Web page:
Fans of the home side, Team GB, wave Union Jack flags during the Olympic Games
CNN's Richard Quest believes the London Games will be regarded as having brought the Olympics concept home.
August 11, 2012 -- Updated 1633 GMT (0033 HKT)
Strategist Alastair Campbell says he never imagined London 2012 would be quite the triumph it turned out to be.
August 14, 2012 -- Updated 2057 GMT (0457 HKT)
Award-winning director Danny Boyle celebrates the best of British music in London 2012's Olympic Closing Ceremony.
January 31, 2013 -- Updated 1452 GMT (2252 HKT)
From Usain Bolt's record-setting achievements to an unexpected Ugandan gold, London 2012 has provided a wide array of highlights.
August 13, 2012 -- Updated 0305 GMT (1105 HKT)
CNN's Amanda Davies recaps the London 2012 Olympics from the opening ceremony on July 27 to the finale on day 16.
August 12, 2012 -- Updated 1702 GMT (0102 HKT)
Mo Farah and Usain Bolt celebrate their success at the London 2012 Olympic Games by copying each other's
It's been just over two weeks since the Queen parachuted into London's Olympic Stadium, her apricot dress flapping in the breeze.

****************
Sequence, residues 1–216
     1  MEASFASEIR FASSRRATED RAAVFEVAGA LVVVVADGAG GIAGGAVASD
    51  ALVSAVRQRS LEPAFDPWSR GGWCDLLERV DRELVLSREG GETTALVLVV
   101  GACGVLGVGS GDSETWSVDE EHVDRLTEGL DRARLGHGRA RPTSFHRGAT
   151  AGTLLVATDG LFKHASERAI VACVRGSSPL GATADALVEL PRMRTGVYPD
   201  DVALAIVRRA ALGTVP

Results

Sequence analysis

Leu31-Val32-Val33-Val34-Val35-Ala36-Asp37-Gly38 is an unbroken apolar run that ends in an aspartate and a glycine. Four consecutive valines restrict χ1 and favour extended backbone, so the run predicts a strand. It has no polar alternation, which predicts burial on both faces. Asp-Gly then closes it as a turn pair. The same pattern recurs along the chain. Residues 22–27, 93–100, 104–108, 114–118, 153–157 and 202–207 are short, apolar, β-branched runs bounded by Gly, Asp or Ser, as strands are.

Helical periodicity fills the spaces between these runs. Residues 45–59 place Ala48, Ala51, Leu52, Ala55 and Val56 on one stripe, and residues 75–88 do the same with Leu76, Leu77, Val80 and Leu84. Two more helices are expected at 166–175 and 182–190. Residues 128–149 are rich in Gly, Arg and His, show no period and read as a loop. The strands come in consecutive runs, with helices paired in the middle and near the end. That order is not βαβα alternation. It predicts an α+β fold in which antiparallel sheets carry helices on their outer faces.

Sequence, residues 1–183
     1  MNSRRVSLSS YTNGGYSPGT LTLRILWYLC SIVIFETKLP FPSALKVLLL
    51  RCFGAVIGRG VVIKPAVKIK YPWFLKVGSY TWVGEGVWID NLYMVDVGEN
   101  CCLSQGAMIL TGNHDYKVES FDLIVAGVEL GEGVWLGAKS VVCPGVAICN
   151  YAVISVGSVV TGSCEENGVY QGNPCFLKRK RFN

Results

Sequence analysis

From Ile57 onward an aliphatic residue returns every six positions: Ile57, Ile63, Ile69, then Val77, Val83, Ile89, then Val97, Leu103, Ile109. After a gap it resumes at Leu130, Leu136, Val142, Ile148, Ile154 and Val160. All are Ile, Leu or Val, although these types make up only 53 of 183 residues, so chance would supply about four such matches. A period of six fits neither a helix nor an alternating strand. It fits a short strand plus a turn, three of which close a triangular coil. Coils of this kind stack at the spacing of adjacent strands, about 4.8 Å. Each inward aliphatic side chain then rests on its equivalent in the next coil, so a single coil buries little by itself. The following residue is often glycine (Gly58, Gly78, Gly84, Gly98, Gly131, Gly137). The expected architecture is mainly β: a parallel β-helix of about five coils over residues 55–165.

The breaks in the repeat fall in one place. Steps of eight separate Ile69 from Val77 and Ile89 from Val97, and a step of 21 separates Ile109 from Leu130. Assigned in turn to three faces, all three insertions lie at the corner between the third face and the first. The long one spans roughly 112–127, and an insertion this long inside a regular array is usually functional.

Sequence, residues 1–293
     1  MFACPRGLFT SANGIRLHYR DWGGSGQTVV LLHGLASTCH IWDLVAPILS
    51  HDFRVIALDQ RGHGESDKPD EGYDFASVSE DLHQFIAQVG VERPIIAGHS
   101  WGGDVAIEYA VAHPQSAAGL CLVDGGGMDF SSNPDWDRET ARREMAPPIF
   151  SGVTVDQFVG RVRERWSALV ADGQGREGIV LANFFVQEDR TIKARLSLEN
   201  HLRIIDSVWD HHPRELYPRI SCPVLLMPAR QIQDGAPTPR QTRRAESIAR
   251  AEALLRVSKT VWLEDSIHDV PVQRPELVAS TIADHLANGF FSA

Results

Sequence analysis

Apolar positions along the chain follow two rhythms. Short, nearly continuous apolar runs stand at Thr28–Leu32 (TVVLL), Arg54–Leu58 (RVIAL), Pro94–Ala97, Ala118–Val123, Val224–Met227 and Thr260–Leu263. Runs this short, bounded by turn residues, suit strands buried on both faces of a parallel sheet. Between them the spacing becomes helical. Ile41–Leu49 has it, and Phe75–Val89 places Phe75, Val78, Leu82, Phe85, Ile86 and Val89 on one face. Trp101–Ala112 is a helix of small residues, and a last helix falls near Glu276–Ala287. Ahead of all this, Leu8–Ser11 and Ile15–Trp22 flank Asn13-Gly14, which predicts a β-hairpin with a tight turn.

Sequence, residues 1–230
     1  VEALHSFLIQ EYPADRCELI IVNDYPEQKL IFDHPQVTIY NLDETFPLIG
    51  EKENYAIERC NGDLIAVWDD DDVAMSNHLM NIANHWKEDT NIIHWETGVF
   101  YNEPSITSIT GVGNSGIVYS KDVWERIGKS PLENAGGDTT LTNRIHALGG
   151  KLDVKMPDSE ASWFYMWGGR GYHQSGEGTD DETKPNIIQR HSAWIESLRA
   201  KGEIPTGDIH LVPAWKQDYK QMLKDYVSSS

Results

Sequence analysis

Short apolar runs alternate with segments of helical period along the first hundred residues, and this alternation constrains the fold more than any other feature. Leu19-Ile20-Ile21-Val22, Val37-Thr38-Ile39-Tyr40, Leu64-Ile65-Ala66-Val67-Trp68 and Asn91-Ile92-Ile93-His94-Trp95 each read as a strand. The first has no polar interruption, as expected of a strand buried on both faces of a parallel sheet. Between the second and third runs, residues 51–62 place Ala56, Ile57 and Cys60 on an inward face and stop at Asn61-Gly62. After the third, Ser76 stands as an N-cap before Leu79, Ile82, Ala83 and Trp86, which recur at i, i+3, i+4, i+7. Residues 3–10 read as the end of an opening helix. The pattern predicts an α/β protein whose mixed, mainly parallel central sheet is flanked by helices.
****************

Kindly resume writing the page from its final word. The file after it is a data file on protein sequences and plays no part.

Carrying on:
August 15, 2012 -- Updated 1214 GMT (2014 HKT)
When the world's top marathon runners bid to win Olympic gold, they would do well to draw inspiration from one of the greatest athletes in the history of track and field.
August 11, 2012 -- Updated 1633 GMT (0033 HKT)
Team GB supporters with their faces painted in Union Jack designs at the Olympic Stadium in London.
Alastair Campbell always thought London 2012 would be a success, but never imagined it would be quite the triumph it has turned out to be.
August 10, 2012 -- Updated 1021 GMT (1821 HKT)
Adrien Niyonshuti is unlikely to win an Olympic medal, and he will do well to even finish his event, but his story is surely one of the most inspirational.